15/11/2005- For the first time in Canada, a court has temporarily banned a London, Ont., man from posting alleged white supremacist and anti-Semitic Internet messages the judge describes 'as vile as anyone can imagine.' The interim injunction from the Federal Court of Canada is considered a legal milestone because it is normally left to the Canadian Human Rights Commission to order hate-mongering out of cyberspace, a lengthy process. But commission lawyer Monette Maillet said the agency went to court seeking a unique injunction to halt Tomasz Winnicki from spreading his messages while a two-year-old complaint against him continues to wind its way through the system. 'It's really groundbreaking,' said Richard Warman, a federal public servant who filed the complaint. 'It shows as the human rights process is grinding along, that you can take steps to ensure that the hate propaganda isn't still being put out there in the meantime.' Warman, an Ottawa lawyer, estimated there are almost 50 white- supremacist and neo-Nazi websites used by Canadians, and they are usually channelled through U.S. servers beyond the reach of Canadian law. Warman's complaint against Winnicki is one of about a dozen he is pursuing in his quest to stop Canadians from posting hate on the Internet. Judge Yves de Montigny acknowledged he was embarking on 'uncharted territory' in his recent ruling and he stressed granting the interim injunction does not mean he is pre-judging the outcome of the human rights process or trying to stifle free speech. The ruling contains numerous 'offensive and debasing' statements posted online. 'Mr. Winnicki apparently stated that black people were intellectually inferior and dangerous and that the Jewish-controlled government was to blame, that European girls were murdered by Jewish people because the latter hate European beauty and nobility, that persons of the black race are subhuman and inherently criminal and so on,' de Montigny wrote.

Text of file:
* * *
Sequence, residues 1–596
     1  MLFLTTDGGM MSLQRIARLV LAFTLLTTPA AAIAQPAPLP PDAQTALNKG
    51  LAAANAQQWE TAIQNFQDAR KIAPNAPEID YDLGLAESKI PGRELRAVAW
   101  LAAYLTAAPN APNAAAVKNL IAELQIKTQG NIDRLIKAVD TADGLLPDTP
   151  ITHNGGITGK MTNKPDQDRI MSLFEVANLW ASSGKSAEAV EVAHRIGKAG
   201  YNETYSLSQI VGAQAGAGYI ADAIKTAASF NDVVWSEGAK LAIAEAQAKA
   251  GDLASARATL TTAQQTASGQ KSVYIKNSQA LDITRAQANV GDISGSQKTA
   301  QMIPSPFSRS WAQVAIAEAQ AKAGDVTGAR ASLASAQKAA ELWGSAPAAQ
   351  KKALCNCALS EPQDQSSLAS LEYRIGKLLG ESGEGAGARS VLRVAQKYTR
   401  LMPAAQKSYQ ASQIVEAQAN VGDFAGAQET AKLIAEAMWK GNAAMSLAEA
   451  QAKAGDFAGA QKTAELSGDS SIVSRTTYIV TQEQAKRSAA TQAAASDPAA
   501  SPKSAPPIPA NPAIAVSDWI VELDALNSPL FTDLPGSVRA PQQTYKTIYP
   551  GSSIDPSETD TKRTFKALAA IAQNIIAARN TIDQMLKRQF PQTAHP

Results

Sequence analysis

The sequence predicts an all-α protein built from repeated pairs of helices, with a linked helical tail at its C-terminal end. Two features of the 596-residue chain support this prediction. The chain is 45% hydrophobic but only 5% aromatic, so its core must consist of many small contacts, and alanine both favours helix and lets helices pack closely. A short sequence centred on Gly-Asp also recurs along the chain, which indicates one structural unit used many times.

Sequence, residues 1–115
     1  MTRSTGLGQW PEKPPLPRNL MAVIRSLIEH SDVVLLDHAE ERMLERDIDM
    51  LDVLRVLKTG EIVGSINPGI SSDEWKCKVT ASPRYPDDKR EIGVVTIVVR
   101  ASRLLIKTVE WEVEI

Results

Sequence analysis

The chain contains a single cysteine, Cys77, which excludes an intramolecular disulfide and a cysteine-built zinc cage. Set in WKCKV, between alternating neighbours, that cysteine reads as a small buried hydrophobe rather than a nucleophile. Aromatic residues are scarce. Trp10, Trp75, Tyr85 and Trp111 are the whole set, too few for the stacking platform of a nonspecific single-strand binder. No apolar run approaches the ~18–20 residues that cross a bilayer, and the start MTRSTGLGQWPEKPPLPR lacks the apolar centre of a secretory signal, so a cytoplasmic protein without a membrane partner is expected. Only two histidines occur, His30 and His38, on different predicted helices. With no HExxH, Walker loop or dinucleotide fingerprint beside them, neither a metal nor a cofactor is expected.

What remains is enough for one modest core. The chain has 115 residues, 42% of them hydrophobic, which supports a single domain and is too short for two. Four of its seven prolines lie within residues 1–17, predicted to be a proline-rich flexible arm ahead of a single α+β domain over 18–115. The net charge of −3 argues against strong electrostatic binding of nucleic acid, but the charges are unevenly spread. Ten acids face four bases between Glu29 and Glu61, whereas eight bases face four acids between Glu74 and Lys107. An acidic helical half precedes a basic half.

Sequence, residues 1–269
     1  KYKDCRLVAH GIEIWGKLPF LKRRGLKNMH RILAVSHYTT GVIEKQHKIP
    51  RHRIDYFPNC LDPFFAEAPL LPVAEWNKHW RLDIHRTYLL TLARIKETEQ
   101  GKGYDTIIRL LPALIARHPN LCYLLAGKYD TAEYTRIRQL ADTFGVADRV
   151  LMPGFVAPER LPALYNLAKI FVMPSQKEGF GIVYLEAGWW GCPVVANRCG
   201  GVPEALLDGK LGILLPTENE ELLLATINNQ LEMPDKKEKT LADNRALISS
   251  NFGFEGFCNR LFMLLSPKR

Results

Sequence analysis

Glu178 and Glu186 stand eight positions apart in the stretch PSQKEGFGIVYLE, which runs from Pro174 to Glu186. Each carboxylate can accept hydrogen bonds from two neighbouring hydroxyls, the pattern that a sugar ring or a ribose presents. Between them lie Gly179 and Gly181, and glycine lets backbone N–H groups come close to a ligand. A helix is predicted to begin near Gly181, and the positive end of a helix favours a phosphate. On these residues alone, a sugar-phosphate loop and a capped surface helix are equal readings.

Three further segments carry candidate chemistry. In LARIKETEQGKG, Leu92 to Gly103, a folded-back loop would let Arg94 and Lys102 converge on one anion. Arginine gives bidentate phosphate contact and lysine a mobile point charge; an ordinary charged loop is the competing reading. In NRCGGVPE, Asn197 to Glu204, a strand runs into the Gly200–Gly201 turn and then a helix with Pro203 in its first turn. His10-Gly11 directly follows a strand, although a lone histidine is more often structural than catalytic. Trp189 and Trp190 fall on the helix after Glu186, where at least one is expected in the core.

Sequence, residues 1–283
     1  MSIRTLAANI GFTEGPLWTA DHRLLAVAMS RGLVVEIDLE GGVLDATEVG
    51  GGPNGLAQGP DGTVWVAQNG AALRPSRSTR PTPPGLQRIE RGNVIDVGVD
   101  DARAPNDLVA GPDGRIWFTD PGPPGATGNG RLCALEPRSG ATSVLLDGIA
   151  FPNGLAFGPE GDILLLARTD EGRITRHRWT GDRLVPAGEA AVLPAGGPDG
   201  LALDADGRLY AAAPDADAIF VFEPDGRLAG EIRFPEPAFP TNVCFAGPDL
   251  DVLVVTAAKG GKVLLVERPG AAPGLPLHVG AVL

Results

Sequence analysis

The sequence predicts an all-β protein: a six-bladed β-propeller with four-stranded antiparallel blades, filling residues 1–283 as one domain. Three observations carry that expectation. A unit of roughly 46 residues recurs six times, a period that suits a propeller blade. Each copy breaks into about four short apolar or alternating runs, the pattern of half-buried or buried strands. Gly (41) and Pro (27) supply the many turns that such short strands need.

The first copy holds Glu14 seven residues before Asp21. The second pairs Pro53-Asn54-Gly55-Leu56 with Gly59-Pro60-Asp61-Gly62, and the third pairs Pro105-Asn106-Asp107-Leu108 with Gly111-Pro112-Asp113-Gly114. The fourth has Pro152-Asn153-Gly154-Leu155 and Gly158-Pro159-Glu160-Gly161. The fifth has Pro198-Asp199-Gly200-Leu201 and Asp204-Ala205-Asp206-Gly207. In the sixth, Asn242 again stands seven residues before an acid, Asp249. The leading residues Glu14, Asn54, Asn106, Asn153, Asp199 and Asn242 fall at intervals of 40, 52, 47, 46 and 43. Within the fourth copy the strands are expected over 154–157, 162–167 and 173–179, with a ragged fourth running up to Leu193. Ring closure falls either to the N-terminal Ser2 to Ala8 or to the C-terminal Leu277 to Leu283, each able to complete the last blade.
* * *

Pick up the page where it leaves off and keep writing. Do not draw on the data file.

Edmonton Journal